In a 2009 study, Samuele Marcora and colleagues found that, just as muscle fatigue has an impact on physical performance, so too does mental work – and the impact is just as large. Subjects spent 90 minutes either passively watching a documentary about trains, or sitting at a computer completing the AX-CPT test, a ‘cognitively challenging task’ that involves responding repeatedly to a sequence of letters. Both groups then immediately completed a cycling test. Compared with the film watchers, participants in the task group found the exercise harder and reached exhaustion 15% earlier.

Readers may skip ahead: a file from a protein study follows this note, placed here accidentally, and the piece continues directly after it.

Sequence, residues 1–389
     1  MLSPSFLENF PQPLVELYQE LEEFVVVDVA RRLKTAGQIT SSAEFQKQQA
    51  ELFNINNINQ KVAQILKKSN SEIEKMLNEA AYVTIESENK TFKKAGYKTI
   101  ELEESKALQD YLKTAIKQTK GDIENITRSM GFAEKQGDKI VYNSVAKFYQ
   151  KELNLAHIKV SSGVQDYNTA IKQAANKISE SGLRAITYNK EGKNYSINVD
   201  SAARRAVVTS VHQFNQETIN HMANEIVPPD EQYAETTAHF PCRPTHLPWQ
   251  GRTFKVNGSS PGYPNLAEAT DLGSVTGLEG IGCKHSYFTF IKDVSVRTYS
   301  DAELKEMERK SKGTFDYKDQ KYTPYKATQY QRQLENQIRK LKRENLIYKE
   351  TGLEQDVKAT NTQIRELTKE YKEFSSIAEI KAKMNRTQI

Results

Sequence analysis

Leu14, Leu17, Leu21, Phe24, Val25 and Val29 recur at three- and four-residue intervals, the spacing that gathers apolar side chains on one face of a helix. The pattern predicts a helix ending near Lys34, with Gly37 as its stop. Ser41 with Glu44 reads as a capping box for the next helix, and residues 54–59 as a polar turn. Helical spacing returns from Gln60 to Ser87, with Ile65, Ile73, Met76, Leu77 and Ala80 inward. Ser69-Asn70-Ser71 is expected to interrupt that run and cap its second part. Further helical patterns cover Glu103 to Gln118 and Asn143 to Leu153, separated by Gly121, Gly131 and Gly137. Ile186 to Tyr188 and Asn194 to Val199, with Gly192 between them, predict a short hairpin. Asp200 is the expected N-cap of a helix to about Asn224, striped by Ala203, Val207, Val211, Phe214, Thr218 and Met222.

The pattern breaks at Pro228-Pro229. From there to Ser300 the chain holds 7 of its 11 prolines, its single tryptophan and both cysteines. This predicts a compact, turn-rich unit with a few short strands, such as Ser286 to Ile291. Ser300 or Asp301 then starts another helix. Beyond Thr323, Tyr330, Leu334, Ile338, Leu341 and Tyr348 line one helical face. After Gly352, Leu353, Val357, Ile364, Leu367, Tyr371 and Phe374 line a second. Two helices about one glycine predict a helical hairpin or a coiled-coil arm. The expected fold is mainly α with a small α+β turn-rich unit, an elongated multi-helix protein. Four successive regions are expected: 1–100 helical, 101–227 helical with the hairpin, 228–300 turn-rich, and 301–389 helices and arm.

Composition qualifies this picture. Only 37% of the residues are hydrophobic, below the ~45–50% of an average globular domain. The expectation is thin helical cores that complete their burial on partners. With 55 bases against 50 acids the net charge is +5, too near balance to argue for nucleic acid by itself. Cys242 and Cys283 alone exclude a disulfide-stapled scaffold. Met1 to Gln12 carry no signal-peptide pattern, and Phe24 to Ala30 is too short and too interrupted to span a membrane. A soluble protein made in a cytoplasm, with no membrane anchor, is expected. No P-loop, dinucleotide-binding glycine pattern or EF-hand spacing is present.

This means that it may not be physical shortcomings, like oxygen shortages in your muscles, that impact the way you race, but rather the way your brain perceives these signals.

Physiologists have long believed that marathoners run until their muscles are depleted of glycogen, or their legs fail. However, very few marathoners reach that breakdown point. One theory, espoused by sports scientist Tim Noakes at the University of Cape Town, is that the brain acts as a ‘central governor’ when racing, and, to ensure self-preservation, limits our ability to push beyond fatigue.

South African sports scientist Tim Noakes proposed the 'central governor' theory. Wouter du Toit/Flickr (CC BY-NC-ND 2.0)

South African sports scientist Tim Noakes proposed the 'central governor' theory. Wouter du Toit/Flickr (CC BY-NC-ND 2.0)